At times, transjugular liver biopsy may be performed for conditions such as massive ascites and coagulopathies. With this method, the liver is not approached through the abdominal wall, but rather via the jugular vein. All instrumentation is performed through the venous system, with long wires and sampling forceps threaded down through the vascular system into the liver.
The medical oncologist should ascertain the primary source of cancer before considering chemotherapy or any other treatment. Liver biopsy can be used to differentiate between a primary liver cancer and a metastatic tumor. There are times when masses that appear to be some type of metastasis result in a totally different and welcome diagnosis. Liver biopsy often provides this information.
Because the liver is a highly vascular organ, as are certain types of metastatic lesions, bleeding is the most likely complication of liver biopsy. Many patients with liver disease or cirrhosis have alterations in their clotting mechanisms, which puts them at increased risk for bleeding. When cutting needles enter these areas, there is always a potential for hemorrhage.
Immediately after liver biopsy, many patients complain of pain in their right shoulder and believe this to be muscular due to their position on the scanning table (arms over their heads.) Actually, the pain is usually due to a few drops of blood that have dripped onto the diaphragm, stimulating the phrenic nerve, which becomes a trigger for referred pain. Most patients find relief with acetaminophen, and the discomfort usually subsides rapidly. More serious bleeding or bile leaks are two of the more dangerous complications from percutaneous liver biopsy. In cases like these, patients may exhibit classic signs of acute abdomen, hypovolemia, and sepsis. Although uncommon, staff members should be aware of the potential for these complications [38,39].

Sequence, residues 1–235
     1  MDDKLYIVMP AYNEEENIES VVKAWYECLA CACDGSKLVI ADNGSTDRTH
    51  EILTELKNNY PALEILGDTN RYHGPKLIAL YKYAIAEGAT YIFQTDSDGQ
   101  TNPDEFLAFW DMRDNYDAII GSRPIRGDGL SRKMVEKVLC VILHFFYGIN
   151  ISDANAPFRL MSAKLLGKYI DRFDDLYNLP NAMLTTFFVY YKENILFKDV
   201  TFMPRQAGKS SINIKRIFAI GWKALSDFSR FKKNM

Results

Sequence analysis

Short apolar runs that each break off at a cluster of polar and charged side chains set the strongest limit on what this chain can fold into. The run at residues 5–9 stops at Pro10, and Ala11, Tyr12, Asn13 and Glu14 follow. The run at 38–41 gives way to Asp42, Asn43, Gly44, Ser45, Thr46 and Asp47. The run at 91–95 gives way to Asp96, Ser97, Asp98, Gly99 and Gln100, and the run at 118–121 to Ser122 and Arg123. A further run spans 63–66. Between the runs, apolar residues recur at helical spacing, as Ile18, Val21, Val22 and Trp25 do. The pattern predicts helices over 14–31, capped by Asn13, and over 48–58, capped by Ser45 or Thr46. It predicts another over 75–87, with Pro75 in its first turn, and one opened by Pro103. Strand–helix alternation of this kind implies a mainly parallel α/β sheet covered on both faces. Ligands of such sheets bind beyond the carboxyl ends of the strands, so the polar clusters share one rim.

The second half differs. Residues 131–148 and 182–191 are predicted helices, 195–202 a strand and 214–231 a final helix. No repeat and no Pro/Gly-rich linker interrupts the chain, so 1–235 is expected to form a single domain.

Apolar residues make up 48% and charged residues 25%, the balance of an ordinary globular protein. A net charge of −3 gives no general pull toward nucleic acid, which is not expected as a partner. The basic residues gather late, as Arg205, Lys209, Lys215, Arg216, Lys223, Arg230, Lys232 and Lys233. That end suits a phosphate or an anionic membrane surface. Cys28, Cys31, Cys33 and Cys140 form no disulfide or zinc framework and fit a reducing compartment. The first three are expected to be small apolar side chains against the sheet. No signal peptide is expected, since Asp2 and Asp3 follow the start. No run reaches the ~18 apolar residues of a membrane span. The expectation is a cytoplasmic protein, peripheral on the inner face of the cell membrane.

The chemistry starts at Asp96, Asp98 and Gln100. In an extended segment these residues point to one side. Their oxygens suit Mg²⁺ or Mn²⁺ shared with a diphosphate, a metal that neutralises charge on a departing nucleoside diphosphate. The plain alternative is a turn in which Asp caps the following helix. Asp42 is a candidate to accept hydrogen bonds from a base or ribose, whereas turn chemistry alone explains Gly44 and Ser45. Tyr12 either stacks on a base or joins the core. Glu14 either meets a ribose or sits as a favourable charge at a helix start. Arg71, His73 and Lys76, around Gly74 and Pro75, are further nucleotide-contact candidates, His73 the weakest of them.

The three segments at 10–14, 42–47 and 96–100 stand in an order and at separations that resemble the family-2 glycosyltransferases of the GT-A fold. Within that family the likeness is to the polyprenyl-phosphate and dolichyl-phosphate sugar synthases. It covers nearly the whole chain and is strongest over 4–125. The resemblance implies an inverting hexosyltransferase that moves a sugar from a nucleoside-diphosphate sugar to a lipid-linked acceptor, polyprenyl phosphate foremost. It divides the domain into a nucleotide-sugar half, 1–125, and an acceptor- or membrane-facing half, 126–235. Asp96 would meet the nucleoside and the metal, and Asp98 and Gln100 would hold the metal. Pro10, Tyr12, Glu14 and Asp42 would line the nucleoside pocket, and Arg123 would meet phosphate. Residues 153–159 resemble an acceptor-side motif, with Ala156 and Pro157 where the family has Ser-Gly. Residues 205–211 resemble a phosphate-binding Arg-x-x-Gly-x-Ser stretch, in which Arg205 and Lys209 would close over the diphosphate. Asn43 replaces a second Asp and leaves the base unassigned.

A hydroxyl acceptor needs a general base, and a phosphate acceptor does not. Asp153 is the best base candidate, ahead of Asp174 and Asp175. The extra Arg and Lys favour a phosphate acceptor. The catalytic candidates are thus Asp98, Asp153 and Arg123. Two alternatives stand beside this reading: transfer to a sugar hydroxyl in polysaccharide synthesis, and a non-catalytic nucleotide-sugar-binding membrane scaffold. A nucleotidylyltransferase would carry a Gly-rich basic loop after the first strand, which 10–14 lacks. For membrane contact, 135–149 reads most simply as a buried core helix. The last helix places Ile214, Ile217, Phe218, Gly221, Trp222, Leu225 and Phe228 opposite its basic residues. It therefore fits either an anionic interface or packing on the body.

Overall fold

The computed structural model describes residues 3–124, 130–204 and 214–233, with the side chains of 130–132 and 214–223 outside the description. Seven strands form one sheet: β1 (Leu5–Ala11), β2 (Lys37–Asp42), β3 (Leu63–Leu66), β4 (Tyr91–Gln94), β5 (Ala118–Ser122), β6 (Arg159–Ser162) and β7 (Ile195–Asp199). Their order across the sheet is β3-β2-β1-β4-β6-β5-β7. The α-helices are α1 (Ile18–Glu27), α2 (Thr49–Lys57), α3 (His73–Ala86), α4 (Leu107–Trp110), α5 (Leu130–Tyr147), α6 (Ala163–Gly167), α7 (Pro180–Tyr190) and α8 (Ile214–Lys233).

Kidney biopsies are extremely helpful to pinpoint an exact diagnosis in a patient experiencing kidney disease. Lupus-like syndromes and types of tubular interstitial disorders may be diagnosed accurately by examination of kidney tissue. Cellular changes, atrophy, and neutrophil infiltration all may be seen by the pathologist, and these factors aid the nephrologist in treatment planning and prognosis. Renal biopsies are also performed to aid in tracking rejection after a kidney transplant. Some smaller hospitals send their renal specimens out to a laboratory that specializes in analysis of renal tissue because the care and examination of renal specimens are quite involved. The kidney biopsy itself, however, may be performed in general interventional radiology departments.
Patients are positioned prone for kidney biopsies. Specimens are collected by means of long sampling needles. The procedure is usually safe, but some caveats apply, as in sampling for lupus . Many referring physicians prefer to admit their patients overnight, just to be sure that any excessive bleeding may be noted.